Reviewing the Reviews: Shootout At Wadala

06 May,2013

Shootout At Wadala

Key Cast: John Abraham, Anil Kapoor, Kangna Ranaut, Manoj Bajpai, Sonu Sood

Directed By: Sanjay Gupta

Written By: Sanjay Gupta, Hussain Zaidi

Produced By: Sanjay Gupta, Anuradha Gupta, Ekta Kapoor, Shobha Kapoor

 

Filmmakers like Sanjay Gupta do not grow up and give up their laddish fascination for gangsters. It allows them to attract crowds, shoot with a kind of macho swagger and also pretend it’s all real.

 

Shootout At Wadala is supposedly a fact-fiction khichdi on the life gangster Manya Surve, whose planned killing put the word encounter into the cop and media lexicon. Which means, Gupta can drop unexciting facts (like John Abraham bearing no resemblance to Surve) and add as much fiction as he likes (Surve was not framed by a cop). Plus three item numbers and loads of violence.

 

Most critics pointed to gangster fatigue – there have been just too many films of the same kind. So this one got mostly 2.5, some 3 and a couple of fawning 4 stars too.

 

Rajeev Masand of ibnlive.com commented “…while the story is rooted in Manya Surve’s journey from an innocent, bright college student to one of the city’s most powerful mafia dons, Shootout at Wadala is a potpourri of stomach-churning slashing and shooting, writhing item girls, and lewd dialogue. In fact, Gupta infuses so much violence and sex into this tale that it hits the G-Spot – and by this, I mean, gratuitous. The director has no qualms pandering to the lowest common denominator; inserting item songs at will, peppering his actors’ lines with cusswords, filming bump-and-grind lovemaking sequences, and even throwing in a titillatingly-shot rape scene.”

 

Shubhra Gupta of the Indian Expess, wrote, “Why would I want to watch yet another retro-gangster flick? Because I’m a sucker for gritty gangsters and sharp cops. Because I like the bang-bang stuff, when done well. And because there’s nothing as cool as retro, in the right hands. Shootout At Wadala gives us a bunch of gangsters and cops, all trying very hard for coolth. It has action, some of it explosive, but not madly new. What stops it from becoming the film that it could have is an avalanche of dialogue, the sort of smart-alecky lines that sounded so right in the 70s. In 2013, they seem like a tired device to hang an entire film on. And the fact that this genre is now feeling the weight of having been trod upon too often.”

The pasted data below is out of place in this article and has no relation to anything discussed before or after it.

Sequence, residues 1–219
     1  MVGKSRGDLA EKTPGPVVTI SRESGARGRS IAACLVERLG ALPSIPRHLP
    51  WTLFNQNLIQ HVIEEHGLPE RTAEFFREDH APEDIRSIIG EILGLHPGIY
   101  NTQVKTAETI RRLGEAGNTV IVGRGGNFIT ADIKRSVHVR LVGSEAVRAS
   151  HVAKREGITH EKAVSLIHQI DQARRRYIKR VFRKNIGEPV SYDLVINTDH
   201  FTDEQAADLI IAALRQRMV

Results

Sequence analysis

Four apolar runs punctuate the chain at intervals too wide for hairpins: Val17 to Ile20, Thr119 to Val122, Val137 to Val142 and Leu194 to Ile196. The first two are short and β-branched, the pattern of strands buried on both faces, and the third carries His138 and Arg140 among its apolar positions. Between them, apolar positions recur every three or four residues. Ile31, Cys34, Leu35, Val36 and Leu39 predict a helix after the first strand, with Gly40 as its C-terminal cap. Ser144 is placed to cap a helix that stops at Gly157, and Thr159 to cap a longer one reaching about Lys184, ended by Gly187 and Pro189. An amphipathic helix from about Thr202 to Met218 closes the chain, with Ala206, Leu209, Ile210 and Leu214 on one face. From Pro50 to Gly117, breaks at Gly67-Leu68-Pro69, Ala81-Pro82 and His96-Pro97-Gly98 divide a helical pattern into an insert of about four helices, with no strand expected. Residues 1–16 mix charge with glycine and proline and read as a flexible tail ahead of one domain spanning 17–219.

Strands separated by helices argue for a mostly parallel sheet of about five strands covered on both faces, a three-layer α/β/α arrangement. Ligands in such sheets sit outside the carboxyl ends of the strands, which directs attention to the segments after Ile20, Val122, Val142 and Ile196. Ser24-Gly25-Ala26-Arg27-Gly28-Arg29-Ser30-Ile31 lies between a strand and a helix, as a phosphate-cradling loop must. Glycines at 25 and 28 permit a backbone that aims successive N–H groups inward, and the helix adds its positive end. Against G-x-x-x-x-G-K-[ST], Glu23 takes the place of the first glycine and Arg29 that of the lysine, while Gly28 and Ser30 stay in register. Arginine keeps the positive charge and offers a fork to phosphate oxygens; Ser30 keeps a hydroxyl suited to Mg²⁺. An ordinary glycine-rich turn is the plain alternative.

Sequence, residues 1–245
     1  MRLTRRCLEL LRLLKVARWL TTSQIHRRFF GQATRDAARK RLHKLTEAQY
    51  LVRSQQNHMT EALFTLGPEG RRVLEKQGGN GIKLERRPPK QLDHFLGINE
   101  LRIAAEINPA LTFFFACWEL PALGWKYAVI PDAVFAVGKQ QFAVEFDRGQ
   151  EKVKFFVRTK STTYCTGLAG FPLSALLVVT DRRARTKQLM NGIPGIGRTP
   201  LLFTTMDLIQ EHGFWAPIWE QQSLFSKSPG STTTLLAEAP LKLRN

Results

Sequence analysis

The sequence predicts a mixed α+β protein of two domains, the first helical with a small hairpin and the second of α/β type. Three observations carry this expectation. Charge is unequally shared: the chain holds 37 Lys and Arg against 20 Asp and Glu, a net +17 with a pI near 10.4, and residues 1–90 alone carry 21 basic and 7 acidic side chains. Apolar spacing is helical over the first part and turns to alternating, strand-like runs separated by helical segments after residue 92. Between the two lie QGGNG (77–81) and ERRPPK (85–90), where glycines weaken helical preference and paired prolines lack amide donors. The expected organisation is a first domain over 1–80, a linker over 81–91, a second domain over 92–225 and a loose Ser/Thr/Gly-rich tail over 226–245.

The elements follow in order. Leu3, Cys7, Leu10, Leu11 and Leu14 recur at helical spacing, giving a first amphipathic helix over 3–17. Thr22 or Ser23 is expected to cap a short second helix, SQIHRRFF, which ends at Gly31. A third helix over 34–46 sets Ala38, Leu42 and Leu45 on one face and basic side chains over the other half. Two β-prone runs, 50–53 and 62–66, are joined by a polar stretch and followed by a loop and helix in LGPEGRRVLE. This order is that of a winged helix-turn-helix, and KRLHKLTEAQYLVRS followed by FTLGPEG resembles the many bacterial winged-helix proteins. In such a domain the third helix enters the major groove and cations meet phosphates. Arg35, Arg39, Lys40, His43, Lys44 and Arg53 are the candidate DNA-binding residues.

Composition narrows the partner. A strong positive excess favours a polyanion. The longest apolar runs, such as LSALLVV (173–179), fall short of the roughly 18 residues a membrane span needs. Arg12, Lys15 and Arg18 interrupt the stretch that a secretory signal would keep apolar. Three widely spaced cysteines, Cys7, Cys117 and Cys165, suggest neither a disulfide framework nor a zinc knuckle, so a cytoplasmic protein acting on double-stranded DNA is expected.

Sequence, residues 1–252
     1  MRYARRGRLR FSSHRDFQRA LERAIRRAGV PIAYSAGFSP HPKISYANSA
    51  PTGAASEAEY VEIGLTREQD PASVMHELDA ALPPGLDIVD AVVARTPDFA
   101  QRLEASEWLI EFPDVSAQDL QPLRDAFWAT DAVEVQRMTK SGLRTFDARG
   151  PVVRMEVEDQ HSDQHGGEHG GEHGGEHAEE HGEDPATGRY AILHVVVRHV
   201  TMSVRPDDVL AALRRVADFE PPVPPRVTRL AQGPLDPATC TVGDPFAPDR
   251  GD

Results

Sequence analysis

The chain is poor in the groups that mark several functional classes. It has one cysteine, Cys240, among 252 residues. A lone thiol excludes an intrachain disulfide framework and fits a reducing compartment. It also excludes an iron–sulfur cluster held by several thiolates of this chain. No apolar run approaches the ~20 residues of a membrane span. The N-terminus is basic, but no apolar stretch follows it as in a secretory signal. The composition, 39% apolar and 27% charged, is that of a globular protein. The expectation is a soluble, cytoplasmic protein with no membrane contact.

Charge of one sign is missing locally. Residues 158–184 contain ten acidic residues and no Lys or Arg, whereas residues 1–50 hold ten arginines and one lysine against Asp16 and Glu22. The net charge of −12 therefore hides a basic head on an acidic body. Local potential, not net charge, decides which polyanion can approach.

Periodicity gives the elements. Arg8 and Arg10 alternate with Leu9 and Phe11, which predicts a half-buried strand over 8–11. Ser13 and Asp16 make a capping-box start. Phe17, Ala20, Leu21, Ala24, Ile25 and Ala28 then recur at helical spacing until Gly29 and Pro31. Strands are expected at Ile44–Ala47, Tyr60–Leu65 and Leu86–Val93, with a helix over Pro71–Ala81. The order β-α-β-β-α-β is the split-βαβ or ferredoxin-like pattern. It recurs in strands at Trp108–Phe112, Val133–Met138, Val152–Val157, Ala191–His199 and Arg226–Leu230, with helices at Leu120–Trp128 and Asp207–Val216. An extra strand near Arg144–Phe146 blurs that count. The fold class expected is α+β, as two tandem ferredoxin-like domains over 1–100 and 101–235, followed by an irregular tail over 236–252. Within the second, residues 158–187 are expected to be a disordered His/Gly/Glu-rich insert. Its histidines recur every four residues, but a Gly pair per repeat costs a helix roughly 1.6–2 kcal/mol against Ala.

Sanjukta Sharma of The Mint was left cold. “Some things do not change. Director Sanjay Gupta’s every action sequence is shot in slow motion. Every entry of a new character is in slow motion. Bits of the three item numbers in the film-yes, three-are in slow motion. A loose, directionless script and insipid dialogues (Manya and his men are often engaged in long conversations about the female anatomy) take their toll half an hour into the film. Abraham tries very hard to play a brooding, ruthless gangster but the character does not engage. The bad writing, of course, does not help. Bajpai is predictably good in his dialogue-baazi; so is Sood. As far as borrowed scenes go, Shootout at Wadala has the most unimaginative copy of a scene previously borrowed or alluded to by film-makers: the assassination of Sonny Corleone at the toll plaza.”

 

Karan Anshuman of Mumbai Mirror wrote, “So you have no grand design save for a feeble attempt to stick to the plot of Hussain Zaidi’s Dongri to Dubai, the book SaW is based on; a haphazard story with too many elements and no focus (John Abraham vanishes for long periods and Sonu Sood gets an incongruous amount of footage); and a film that ultimately says nothing (though you might learn a curse or two). The actual shootout – the only bit that commands your attention – is perhaps five minutes long and comes at the very end of a protracted 2.5 hours.”

 

Shakti Shetty of Mid-day commented, “There has been no dearth of gangster films in Hindi cinema. But it’s one of those genres that never goes out of fashion. The underworld and the legends related to it make for an interesting yarn provided the novelty is maintained. However, Shootout at Wadala takes the middle path by trying to strike a balance between recorded history and fictionalised events. In the process, it showcases personalities on both sides of the law belonging to a bloody era. In retrospect, there are moments when it manages brilliantly and there are instances where it falls flat.”
Mathures Paul of The Telegraph sneered, “The wannabe baap of Mumbai, Manya Surve (John Abraham), is all huff-puff and no brains. But a thali of guns, profanity and sleaze cannot go all wrong, especially when more than a 1,000 rounds of ammo are wasted, spaced out by three item numbers and a few sex-bench push-ups.”

 

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